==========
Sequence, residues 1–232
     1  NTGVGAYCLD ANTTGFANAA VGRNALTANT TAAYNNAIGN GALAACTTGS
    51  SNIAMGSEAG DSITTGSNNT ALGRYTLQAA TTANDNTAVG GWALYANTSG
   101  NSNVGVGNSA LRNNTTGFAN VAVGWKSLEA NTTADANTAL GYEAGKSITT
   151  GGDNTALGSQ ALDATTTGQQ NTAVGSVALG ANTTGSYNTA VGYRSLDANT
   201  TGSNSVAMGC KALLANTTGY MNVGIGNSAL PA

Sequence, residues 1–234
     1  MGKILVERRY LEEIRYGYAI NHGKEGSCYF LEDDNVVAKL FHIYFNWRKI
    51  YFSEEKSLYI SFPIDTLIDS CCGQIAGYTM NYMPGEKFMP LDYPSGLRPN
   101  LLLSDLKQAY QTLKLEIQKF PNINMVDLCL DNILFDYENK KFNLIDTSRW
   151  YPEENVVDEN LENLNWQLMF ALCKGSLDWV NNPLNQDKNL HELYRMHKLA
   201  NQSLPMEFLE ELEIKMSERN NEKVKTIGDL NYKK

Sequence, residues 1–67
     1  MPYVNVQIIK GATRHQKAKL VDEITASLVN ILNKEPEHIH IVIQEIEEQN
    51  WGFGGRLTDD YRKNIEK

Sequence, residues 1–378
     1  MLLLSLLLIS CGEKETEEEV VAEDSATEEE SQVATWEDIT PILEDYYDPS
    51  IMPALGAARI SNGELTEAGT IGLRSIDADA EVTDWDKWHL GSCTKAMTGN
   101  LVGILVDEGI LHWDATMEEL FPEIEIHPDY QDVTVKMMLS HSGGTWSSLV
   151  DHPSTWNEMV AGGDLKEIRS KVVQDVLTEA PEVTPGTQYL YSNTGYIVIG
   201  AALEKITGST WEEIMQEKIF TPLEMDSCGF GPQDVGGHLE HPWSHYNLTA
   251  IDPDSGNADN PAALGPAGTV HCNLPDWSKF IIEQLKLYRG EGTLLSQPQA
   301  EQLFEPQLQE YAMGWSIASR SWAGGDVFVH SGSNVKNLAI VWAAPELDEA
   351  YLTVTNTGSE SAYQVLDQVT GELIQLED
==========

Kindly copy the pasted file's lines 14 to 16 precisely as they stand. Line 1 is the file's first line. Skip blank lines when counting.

     1  MPYVNVQIIK GATRHQKAKL VDEITASLVN ILNKEPEHIH IVIQEIEEQN
    51  WGFGGRLTDD YRKNIEK

Sequence, residues 1–378